Praia de Baia showed its potential this morning, as Day 2 of the Junior Pro Espinho launched into clean, offshore rights off the jetty.
As the tide went from a morning high to a mid-day low and offshores turned to biting north wind, the rights near the jetty oscillated between fast, carve-able walls and ugly closeouts.
Vaast and Dominguez Requena nail highest heat scores
When the men's heats hit the water in the afternoon the tide was perfect and the rights fired down the bank. Although a bit lumpy by this time of the day, the sets offered high scoring potential as witnessed by Teva Bouchgua's 9.00 and Moises Domínguez Requena and Kauli Vaast's pair of eights.
"That was a great heat, and I had last priority toward the end before the other big score," said Heat 1 winner Kauli Vaast. "I did two good turns and then the last move I was scared to hit the lip, but I just went ahead and hit it and it landed it."
While most competitors chose to come in and run up the beach when the big sets pushed through, Vaast chose the paddle-through-the-lineup strategy. And it paid off.
"With this type of wave it's pretty hard to paddle back out because the waves are good size. It's really physical, because you've used all your energy, but I think it's quicker to put out the energy and paddle through the sets."
It's a strong start for the Tahitian and comes on the heels of his win at the Papara Pro Junior Tahiti. Kauli said he wants to start strong and that a good result here is part of his overall plan to finish the year in the top three and qualify for the World Junior Champs. The solid goofy foot is also up for a WSL XXL award for a bomb at Teahupoo.
"That was really intense that day," he said of his bomb in Tahiti. "It was too big to paddle that day and my friend Baptiste towed me in. He towed me into the biggest wave of my life and I'm so thankful."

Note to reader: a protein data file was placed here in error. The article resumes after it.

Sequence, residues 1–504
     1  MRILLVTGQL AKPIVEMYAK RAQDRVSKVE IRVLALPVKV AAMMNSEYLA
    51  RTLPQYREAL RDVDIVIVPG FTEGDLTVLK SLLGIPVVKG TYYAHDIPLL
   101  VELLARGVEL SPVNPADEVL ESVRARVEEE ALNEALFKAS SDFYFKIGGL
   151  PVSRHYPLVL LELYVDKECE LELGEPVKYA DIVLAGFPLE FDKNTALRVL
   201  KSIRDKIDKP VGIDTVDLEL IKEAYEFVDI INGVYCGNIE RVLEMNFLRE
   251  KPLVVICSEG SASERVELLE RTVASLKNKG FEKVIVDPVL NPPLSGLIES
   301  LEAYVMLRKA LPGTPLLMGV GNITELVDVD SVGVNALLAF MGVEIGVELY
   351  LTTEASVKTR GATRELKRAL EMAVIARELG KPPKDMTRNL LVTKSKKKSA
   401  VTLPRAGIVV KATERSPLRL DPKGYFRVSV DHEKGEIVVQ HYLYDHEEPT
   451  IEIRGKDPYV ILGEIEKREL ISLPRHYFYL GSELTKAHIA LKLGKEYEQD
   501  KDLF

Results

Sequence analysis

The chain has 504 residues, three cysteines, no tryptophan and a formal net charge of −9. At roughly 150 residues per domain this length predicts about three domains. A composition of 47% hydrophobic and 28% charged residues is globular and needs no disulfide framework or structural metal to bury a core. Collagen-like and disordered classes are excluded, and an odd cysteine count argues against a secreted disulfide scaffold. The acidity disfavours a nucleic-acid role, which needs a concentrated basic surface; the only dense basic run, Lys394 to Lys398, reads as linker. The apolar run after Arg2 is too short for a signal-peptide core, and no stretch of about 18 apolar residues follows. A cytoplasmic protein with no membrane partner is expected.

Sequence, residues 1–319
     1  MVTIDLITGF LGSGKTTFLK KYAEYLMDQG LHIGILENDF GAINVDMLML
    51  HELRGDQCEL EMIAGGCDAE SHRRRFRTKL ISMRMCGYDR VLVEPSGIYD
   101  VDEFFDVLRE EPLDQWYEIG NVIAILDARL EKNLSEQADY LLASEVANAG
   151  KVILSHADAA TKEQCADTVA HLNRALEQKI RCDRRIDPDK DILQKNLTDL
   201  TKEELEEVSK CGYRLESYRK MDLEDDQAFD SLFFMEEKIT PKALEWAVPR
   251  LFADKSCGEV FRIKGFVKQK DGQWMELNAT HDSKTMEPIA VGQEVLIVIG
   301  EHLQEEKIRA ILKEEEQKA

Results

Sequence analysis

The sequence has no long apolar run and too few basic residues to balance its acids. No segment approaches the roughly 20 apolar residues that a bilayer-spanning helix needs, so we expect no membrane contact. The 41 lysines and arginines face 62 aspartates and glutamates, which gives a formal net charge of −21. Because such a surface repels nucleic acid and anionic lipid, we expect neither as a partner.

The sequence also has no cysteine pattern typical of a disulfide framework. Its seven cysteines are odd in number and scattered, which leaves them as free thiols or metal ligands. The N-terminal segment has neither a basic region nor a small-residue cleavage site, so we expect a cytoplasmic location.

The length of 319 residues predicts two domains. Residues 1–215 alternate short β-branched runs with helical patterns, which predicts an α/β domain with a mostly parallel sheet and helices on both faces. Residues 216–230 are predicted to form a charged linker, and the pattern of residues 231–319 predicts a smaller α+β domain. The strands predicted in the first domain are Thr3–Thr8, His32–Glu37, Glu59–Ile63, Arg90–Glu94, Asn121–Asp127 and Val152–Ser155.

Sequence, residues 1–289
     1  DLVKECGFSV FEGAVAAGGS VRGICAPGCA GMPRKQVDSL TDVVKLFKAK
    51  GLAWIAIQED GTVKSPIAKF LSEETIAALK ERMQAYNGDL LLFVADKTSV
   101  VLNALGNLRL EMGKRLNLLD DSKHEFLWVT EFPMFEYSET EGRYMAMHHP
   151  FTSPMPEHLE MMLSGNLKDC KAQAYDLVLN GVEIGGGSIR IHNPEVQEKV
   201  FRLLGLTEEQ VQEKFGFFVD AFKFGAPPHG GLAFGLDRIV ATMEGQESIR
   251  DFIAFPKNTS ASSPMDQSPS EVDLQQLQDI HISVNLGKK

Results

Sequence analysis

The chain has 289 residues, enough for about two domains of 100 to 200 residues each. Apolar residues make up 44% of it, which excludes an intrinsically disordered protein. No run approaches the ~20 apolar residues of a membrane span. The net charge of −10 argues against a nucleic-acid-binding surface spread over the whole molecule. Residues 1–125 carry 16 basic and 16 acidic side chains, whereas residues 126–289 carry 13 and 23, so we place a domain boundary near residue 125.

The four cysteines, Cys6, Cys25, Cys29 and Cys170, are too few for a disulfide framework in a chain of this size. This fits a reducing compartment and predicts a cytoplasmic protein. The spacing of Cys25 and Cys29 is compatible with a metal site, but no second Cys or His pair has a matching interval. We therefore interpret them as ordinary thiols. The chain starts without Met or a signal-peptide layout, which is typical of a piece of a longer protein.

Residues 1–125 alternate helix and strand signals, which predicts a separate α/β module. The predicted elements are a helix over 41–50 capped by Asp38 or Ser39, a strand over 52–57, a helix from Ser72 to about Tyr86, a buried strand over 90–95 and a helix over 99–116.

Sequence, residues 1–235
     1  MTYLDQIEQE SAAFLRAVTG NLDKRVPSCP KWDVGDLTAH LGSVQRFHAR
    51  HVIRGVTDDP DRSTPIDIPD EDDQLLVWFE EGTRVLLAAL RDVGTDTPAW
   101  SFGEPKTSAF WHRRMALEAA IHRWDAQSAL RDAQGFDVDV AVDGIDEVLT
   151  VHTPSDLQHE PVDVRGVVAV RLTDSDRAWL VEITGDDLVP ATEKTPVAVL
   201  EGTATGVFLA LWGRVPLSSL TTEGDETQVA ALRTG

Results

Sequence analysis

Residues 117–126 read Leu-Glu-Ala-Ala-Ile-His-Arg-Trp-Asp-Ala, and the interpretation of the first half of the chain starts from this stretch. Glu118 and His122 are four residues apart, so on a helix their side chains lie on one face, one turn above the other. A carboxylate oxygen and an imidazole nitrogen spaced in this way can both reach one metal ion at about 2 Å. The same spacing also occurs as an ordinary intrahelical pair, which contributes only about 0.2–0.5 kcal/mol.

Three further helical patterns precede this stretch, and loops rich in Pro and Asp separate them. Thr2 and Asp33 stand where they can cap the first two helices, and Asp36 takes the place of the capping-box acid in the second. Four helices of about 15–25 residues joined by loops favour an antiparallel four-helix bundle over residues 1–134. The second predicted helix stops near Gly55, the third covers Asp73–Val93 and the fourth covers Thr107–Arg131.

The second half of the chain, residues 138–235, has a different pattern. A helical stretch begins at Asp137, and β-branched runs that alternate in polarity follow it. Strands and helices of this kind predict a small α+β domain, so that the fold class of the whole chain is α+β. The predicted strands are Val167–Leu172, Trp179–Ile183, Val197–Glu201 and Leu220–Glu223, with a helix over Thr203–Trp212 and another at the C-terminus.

Women's side of the draw uncovers some gems
On the women's side of the draw Melania Diaz had the highest heat total notching a 7.33 and a 6.27.
"The conditions were really tough," said Diaz. "There are good waves but it's hard to find the the right ones. So I was really patient and waited. And then I managed to get a 7.33 after a long wait. I got some good turns and a good finish and got the score."
But the wins were far from easy affairs. Many of the women's heats were taken with one good wave and a negligible or non-existent back up score.
Julia Gonzalez's nail-biter of a heat saw the Spanish surfer in fourth place for most of her heat until she nabbed a 6,33. The wave meant another lap around the beach and jetty to get out the back. In the dying seconds she tried to improve on her 1.57 on a solid set, but got stuck behind the foam. In the end she still squeaked through.
"I was happy to get a good wave and be able to surf it the way I wanted to," said Julia. "I got two good lip turns. So I got the score. But it was tough, I got that one closeout. It's a hard paddle back out so that cost me a lot of time."
The wave at Praia de Baia continues to shine
The same bathymetry that makes the rights off the jetty so score-able, also makes it nearly impossible to paddle back out during a solid swell.
This wave on Portugal's Green Coast is often overshadowed in the media by neighbours to the south in Peniche and Ericeira, but on its day it breaks like a heavy right point and peels for nearly 100 metres.
Local Goncalo Pina has been surfing here for 30 years and lamented that in the relatively new surf culture in Portugal, surfers don't search out waves like they do in the USA and Australia.
"If you talk to someone from Lisbon, they won't travel here to surf," said Pina. "It's too far away (2.5 hours) and they won't bother. But Frederico Morais came up here and trained before the Snapper Rocks event. Fredrico said it's a very similar wave with the same drop in front of the rocks followed by a barreling right."
Three days before the Espinho Lngboard event started the wave was lit up during a period of solid swell and offshores.
"It's one of the best waves in Portugal," continued Goncalo. "The sand sets up in the same place each year. It's really consistent."